This means that the US work force produces three times as much as the US work force did in 1954. These figures are contrary to popular opinion. To contradict matters the US corporations insist that productivity and profits are low for the justification of closing down factories to reopen in Eastern (cheaper min. wage) countries. This in turn creates a surplus population, population of unemployed workers. The production of a surplus population is a widespread phenomenon in America at present times.

For instance, between Jan 1993 and Dem 1995 US bureau of labour statistics reported 3. million workers displaced from there jobs. There is a 700,000 increase since the last report. The impact on these workers are that they realise they are the most dispensable within the hierarchy of the classes. The sudden implication of unemployment and the constant exploitation of the lower classes may deplete morality within the lower class. This with other variables that will later be discussed may constitute to why crime committed is disproportionate between the upper and lower classes. The mental states of lower class can come in to play.

Many are unstable due to their life experiences and are dubious of everyone. Violence is a common feature of the lower class lives, as they tend not to be able resort situation as they are not educated to. Also those who want to earn more money do it in illegal ways as its quicker and easier. This could be through selling drugs or stealing goods and selling them on. However some of this population steal for necessity to feed and clothe their family. Another variable that has to be taken to in account for is the contrast in environment between classes.

Generally the upper and middle classes have enough to sustain life for their family relatively affluently. So the strain on a human not being able to economically look after his/her family cannot affect them if their circumstances stay the same. However, constantly, the lower classes have been housed in council estates, which are generally run-down cheap housing for the poor. The run-down areas are constant and can cause depression. Many things can occur at such times. Some individuals may resort to drugs to phase out reality; others may seek to escape out of the lower class label.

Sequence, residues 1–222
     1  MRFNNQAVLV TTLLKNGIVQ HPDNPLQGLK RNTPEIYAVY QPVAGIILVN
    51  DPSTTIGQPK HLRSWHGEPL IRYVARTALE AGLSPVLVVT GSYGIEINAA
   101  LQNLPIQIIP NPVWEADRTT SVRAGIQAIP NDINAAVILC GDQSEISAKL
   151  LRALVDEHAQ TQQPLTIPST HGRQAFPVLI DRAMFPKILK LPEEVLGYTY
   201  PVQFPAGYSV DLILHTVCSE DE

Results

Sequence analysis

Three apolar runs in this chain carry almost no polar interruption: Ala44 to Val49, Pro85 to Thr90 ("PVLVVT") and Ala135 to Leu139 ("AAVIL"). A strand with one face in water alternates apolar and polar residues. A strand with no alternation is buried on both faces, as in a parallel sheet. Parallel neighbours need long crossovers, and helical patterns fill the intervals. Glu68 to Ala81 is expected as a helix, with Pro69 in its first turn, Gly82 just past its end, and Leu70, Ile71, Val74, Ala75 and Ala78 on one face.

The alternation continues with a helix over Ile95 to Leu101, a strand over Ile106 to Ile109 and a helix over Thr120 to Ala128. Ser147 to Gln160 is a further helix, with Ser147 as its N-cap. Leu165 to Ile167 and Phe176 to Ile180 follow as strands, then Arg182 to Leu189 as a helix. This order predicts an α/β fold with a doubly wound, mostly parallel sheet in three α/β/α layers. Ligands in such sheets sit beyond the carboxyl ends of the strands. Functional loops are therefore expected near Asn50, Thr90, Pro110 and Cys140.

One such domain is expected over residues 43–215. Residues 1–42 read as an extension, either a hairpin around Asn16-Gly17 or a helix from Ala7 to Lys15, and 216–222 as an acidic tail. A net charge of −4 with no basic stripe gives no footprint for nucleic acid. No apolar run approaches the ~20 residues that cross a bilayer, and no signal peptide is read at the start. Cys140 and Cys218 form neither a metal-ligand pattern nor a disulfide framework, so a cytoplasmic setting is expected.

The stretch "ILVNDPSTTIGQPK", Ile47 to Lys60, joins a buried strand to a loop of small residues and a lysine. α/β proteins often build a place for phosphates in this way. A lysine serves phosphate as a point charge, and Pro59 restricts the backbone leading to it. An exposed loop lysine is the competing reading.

To escape this depressive state, many seek wealth, usually illegally because of lack of skills to do so legitimately. When no morality is involved it can be very viable to sell drugs in this situation, as people in the lower class are always looking for a form of escapism from the morbid surrounding and the constant violent interactions they witness which is present in the lower class areas. They see drugs as the answer so within that lower class region there are an infinite number of customers in that area so there is a case of supply and demand.

There are many different ways in which people in lower classes can resort to criminal behaviour through the exploiting capitalist reasoning. However the equality under law is one of the most major preaching’s by the western democracies and is fundamental to them. This is different from the reality as can be seen at present with the war on Iraq. Firstly, President bush wishes to disarm the Iraqi government through international law when this approach fails America ignores the world governing legality and prefers the approach of a war.

This shows the inequalities and the constant contradiction of the western government when the practise of freedom is concerned. However the law has always stayed the same in its legal position independent of who is before the court, yet the people who are actually behind the law, applying the law have opinions and policies to which they prescribe to and can be influenced by other peoples persuasive arguments. There is evidence of this when we look at the Lord Archer case. Obvious to the public of his guilty the wealthy Lord managed to escape imprisonment. However only though his own failing was he caught out.

Again over in the U. S in the O. J. Simpson trial was not an example of justice prevailing. In America the legal system has the stigma of being able to buy your innocents. This would certainly be the case with this judgement. The reasoning behind this is because if had been an ordinary black from America they would have been found guilty and lucky not to be transported to Texas for executions. But O. J. Simopson was a respectable film star ex- American football player and was found innocent. This shows how being born in to a class can affect how you are judge under the law